State Battles Thin Resources as Firefighters Fight Historic Fires

State Battles Thin Resources as Firefighters Fight Historic Fires

Kitty Alvarado Connect

Up and down the State of California, fires are raging. And more than 14,000 firefighters are on the front lines.

“We have about 19 large fires about four of them are very large fires one of which is actually one of the larges we have ever seen in California it’s almost 300,000 acres and that’s the Mendocino Complex Fire,” says Brad Alexander with the California Office of Emergency Services or Cal OES. 

Eight counties are now under a state of emergency because of these massive fires. 

“Conditions throughout the state are very dry making it easy for these fires to grow very quickly almost quicker that you can drive a fire truck or a get planes in front of those fire lines,” says Alexander.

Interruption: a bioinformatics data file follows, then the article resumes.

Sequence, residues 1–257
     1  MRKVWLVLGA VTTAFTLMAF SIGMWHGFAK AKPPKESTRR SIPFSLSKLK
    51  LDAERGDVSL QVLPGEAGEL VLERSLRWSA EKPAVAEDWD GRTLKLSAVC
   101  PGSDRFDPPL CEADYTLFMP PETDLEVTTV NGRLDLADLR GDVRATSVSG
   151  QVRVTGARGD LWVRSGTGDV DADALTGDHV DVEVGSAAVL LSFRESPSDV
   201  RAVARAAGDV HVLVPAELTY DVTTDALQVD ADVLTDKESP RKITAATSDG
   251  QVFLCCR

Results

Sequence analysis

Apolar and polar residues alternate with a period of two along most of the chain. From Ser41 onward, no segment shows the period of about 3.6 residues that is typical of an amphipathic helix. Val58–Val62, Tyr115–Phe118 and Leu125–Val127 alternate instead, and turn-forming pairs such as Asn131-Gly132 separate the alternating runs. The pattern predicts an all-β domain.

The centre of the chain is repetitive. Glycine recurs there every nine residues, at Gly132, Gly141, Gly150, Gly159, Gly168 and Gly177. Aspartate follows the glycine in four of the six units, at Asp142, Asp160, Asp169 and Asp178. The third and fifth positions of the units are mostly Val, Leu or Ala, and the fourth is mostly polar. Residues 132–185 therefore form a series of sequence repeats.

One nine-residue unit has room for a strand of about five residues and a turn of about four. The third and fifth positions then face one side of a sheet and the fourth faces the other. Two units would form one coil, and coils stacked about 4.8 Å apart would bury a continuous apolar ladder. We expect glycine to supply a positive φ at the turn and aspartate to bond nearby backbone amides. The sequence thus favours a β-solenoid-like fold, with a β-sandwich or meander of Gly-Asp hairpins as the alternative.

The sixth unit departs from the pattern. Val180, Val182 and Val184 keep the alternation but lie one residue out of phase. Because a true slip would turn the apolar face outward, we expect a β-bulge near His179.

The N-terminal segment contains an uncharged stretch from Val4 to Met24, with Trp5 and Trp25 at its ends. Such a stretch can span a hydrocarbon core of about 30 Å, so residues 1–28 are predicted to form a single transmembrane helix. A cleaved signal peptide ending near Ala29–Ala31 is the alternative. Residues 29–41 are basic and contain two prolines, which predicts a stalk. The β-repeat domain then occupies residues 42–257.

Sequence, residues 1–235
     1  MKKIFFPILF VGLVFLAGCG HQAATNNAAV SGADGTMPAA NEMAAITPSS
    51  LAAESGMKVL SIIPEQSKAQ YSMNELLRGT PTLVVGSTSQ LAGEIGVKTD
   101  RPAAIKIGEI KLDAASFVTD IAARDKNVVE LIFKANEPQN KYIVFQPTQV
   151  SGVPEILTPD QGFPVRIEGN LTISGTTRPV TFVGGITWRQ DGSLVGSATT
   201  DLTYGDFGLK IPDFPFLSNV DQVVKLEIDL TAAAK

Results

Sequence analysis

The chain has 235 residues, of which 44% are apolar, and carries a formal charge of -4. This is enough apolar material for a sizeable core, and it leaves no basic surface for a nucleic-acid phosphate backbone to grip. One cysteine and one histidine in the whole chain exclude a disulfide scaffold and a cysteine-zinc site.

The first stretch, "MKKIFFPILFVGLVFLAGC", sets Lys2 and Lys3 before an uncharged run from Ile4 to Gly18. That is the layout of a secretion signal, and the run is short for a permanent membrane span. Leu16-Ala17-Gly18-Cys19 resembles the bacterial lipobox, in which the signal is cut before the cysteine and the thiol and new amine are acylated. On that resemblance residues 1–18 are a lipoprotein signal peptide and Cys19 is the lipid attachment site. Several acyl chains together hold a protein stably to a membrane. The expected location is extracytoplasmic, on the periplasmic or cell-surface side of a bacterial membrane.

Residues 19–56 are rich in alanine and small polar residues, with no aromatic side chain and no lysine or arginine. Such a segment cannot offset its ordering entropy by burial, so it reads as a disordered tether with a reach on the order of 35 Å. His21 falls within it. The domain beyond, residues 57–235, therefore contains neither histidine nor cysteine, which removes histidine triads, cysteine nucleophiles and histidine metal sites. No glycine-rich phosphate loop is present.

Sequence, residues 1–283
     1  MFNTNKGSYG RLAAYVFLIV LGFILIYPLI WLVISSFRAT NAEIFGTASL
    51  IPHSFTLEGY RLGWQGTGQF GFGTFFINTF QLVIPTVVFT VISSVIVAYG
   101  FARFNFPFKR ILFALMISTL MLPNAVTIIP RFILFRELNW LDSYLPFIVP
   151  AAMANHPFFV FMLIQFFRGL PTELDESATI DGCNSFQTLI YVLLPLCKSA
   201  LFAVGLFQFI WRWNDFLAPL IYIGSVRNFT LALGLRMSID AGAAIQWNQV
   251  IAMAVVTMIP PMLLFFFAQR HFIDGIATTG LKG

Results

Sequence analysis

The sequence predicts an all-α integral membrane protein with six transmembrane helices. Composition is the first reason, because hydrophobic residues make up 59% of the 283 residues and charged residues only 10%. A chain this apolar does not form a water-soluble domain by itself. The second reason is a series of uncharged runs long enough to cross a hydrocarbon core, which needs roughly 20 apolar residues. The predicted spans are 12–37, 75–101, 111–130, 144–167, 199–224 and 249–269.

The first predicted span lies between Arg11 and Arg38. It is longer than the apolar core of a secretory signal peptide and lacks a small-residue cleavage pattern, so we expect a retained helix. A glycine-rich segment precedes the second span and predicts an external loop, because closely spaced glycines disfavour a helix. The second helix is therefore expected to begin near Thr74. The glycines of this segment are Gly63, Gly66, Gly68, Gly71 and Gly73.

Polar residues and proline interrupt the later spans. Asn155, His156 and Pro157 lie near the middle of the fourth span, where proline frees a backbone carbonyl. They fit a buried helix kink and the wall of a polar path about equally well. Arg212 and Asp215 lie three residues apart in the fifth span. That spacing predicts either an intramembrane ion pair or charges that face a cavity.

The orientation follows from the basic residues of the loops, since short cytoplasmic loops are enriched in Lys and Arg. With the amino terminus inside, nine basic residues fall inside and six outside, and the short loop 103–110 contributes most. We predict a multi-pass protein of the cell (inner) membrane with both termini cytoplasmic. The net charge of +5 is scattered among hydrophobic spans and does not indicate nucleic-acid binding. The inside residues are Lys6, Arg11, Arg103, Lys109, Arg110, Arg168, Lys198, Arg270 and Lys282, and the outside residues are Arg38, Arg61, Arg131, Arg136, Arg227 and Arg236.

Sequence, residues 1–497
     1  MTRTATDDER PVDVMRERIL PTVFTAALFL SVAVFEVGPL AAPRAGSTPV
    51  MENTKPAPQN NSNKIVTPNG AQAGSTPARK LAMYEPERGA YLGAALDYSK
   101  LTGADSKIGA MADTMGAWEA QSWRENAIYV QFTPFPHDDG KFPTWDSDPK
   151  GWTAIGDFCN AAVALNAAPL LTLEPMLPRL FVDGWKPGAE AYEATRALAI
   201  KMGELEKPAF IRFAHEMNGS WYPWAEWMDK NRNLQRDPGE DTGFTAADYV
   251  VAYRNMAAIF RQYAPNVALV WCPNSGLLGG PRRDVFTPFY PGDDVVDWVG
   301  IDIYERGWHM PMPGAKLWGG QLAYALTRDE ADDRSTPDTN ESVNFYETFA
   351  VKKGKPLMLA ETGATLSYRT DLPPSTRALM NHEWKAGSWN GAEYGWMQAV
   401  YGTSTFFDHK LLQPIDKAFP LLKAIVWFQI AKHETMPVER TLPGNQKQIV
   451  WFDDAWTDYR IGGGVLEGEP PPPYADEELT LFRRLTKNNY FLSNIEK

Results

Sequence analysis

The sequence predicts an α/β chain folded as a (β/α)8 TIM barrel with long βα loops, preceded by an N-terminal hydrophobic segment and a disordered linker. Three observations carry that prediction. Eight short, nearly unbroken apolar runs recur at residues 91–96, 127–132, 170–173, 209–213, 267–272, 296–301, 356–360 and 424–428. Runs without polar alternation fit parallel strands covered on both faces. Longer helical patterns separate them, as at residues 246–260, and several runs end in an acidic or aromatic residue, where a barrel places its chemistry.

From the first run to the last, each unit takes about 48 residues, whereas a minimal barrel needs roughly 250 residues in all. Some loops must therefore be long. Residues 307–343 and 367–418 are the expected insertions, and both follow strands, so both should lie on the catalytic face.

He says Cal OES is working around the clock to place resources where they’re needed most, using their mutual aid system, a network that relies on equipment and firefighters from throughout the state. This system is vast and the only one of it’s kind but right now it’s not enough, “The mutual aid system is stretched thin at this time and we have been working for several weeks on these massive fires, essentially there’s a department from every county in the state of California that’s being represented at a major fire right now as well as national guard assets almost two dozen states, we just received about 150 or so personnel from Australia and New Zealand.”

But with more than half a million acres burned, and an average of 50 fires popping up per day they’re already planning for what’s to come.

“Work with our local government agencies in the other states letting them know that we’ve already been looking past next week, past the next couple of weeks because if you don’t have a contingency plan for the long term, then we’re not planning adequately enough,” says Alexander.

Firefighters are working longer hours, in more dangerous conditions in a never ending fire season, “In fire service just five to ten years ago it was highly uncommon for a firefighter to be on the line of a hundred thousand acre fire and now unfortunately it’s a yearly event.”